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Rising incidence of acute pancreatitis in hospitalized children, study finds

Date:
May 7, 2014
Source:
University Hospitals Case Medical Center
Summary:
The largest investigation to date has found a significant increase in the number of acute pancreatitis cases in hospitalized children in the United States. The study looked at hospitalization records of patients 20 years old and younger using a federal children's inpatient database. From 2000 to 2009, they identified 55,012 cases of AP in hospitalized children ages 1-20.
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Thomas J. Sferra, MD, of UH Rainbow Babies & Children's Hospital, led the largest investigation to date that found a significant increase in the number of acute pancreatitis cases in hospitalized children in the United States.
Credit: UH Rainbow Babies & Children's Hospital

The largest investigation to date has found a significant increase in the number of acute pancreatitis (AP) cases in hospitalized children in the United States.

The new study, in the PLOS ONE journal found a 51 percent increase in the primary diagnosis of AP from 2000 to 2009. The number increased from 6,350 in 2000 to 9,561 in 2009.

The study looked at hospitalization records of patients 20 years old and younger using a federal children's inpatient database. From 2000 to 2009, they identified 55,012 cases of AP in hospitalized children ages 1 -- 20.

According to the study's principal investigator, Thomas J. Sferra, MD, Division Chief of Pediatric Gastroenterology, Hepatology and Nutrition at UH Rainbow Babies & Children's Hospital and Associate Professor of Pediatrics at Case Western Reserve University School of Medicine, hospitalized children with AP had longer hospital stays and higher charges. And AP was more likely to occur in children older than 5 years of age.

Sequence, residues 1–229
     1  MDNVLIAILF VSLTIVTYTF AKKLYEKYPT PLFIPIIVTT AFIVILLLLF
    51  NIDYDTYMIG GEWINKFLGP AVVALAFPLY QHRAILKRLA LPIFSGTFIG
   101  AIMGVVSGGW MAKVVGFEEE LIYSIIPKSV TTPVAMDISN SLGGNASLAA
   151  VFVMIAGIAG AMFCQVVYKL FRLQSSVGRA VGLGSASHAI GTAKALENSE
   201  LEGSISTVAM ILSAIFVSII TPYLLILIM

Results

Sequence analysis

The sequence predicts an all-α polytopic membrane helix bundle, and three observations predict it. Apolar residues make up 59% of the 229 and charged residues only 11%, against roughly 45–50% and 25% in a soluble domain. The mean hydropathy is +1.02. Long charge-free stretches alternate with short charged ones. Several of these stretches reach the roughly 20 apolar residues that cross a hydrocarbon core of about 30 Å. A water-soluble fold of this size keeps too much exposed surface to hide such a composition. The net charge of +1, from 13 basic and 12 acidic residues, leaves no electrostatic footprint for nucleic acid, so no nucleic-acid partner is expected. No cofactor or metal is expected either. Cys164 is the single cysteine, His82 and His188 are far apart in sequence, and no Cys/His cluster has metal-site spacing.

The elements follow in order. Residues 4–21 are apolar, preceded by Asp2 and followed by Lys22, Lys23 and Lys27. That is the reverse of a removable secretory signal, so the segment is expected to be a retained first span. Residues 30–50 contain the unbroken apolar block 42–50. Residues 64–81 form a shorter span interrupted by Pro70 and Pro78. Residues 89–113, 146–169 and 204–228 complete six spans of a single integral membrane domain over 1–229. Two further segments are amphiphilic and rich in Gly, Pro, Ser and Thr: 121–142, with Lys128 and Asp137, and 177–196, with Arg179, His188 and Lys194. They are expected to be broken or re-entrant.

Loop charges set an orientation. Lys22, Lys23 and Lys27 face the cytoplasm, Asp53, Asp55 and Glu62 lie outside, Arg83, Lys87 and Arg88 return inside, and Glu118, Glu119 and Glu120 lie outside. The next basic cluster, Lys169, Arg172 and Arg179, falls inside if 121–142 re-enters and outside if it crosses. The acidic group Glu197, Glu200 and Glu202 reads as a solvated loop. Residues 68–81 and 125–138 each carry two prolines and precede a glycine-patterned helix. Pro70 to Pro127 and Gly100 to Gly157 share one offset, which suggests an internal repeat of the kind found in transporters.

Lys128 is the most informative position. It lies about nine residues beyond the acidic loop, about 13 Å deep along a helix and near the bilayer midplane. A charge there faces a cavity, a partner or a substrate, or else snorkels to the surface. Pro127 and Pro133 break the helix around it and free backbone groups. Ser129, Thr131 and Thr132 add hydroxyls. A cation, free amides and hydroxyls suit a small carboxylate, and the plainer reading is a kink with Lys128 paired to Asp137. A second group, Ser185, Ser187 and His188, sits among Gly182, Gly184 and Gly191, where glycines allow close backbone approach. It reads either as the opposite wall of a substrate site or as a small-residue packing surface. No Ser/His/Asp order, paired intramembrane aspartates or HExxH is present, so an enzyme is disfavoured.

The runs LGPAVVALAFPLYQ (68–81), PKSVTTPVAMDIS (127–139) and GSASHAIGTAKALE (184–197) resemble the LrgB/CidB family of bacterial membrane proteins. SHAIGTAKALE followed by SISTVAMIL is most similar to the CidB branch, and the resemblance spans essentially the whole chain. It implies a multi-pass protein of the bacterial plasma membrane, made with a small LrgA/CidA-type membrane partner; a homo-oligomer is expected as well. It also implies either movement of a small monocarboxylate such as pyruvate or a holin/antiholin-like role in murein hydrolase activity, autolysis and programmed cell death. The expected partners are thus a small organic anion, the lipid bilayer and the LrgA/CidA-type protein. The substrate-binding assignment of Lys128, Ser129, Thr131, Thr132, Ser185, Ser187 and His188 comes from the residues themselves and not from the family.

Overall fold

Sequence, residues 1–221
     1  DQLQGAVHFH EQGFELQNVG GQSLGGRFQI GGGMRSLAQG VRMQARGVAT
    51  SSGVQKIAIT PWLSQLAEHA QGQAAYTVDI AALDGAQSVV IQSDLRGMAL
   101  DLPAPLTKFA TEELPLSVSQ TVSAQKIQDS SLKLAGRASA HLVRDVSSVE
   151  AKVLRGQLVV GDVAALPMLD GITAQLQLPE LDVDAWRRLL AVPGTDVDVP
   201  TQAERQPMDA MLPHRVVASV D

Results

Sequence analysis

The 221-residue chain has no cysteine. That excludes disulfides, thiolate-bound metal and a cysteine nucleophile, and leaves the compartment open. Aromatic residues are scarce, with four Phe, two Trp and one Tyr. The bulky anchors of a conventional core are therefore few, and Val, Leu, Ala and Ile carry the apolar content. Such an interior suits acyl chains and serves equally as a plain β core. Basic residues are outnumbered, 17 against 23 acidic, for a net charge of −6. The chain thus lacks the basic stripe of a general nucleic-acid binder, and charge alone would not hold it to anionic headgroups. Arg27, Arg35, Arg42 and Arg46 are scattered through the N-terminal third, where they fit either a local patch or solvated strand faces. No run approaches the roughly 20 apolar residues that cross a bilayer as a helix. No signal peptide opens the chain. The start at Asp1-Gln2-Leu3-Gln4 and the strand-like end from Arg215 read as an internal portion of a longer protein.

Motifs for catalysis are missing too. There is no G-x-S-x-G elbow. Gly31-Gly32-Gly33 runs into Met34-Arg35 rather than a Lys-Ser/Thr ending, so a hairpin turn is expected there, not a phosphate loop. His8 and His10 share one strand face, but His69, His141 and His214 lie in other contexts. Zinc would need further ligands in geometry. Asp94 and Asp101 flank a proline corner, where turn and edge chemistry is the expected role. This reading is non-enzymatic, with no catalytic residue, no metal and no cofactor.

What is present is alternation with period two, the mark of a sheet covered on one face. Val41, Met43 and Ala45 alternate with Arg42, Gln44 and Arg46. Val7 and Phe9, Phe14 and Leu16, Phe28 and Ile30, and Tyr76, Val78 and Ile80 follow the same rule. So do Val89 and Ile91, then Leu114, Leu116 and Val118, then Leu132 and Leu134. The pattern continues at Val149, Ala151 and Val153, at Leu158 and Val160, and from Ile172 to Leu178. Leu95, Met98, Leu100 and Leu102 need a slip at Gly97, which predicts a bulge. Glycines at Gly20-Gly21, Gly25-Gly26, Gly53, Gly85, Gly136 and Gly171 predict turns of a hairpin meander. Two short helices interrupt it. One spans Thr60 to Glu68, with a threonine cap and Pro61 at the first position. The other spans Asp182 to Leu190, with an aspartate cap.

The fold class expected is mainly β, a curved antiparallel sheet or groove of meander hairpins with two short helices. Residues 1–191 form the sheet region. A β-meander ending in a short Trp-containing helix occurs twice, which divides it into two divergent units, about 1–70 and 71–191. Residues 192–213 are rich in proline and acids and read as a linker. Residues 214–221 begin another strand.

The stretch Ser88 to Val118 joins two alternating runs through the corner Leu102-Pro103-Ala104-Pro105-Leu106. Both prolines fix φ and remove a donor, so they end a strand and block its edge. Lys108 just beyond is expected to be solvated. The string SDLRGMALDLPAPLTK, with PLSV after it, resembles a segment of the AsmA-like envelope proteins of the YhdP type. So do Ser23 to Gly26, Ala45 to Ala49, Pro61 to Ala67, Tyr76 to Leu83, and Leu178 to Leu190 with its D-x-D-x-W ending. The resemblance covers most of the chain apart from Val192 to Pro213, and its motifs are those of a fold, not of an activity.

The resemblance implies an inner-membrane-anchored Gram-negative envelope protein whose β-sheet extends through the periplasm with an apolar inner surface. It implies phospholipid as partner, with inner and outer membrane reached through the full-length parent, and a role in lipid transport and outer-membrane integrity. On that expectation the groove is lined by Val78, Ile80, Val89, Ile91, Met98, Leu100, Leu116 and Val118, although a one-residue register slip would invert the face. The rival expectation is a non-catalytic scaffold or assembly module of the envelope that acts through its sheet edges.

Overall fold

AP is the reversible inflammation of the pancreatic parenchyma. In children the most frequently identified causes of AP are biliary tract disease, medication adverse effect, systemic disease and trauma.

"The reason for this large increase in acute pancreatitis cases in hospitalized children is not clear," said Dr. Sferra. "Though the incidence of AP is increasing, there has been an improvement in the mortality and length of stay of these patients. These data provide a good foundation for future studies to increase our understanding of the disease."


Story Source:

The above story is based on materials provided by University Hospitals Case Medical Center. Note: Materials may be edited for content and length.


Journal Reference:

  1. Chaitanya Pant, Abhishek Deshpande, Mojtaba Olyaee, Michael P. Anderson, Anas Bitar, Marilyn I. Steele, Pat F. Bass, Thomas J. Sferra. Epidemiology of Acute Pancreatitis in Hospitalized Children in the United States from 2000–2009. PLoS ONE, 2014; 9 (5): e95552 DOI: 10.1371/journal.pone.0095552

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University Hospitals Case Medical Center. "Rising incidence of acute pancreatitis in hospitalized children, study finds." ScienceDaily. ScienceDaily, 7 May 2014. <www.sciencedaily.com/releases/2014/05/140507212253.htm>.
University Hospitals Case Medical Center. (2014, May 7). Rising incidence of acute pancreatitis in hospitalized children, study finds. ScienceDaily. Retrieved May 28, 2015 from www.sciencedaily.com/releases/2014/05/140507212253.htm
University Hospitals Case Medical Center. "Rising incidence of acute pancreatitis in hospitalized children, study finds." ScienceDaily. www.sciencedaily.com/releases/2014/05/140507212253.htm (accessed May 28, 2015).

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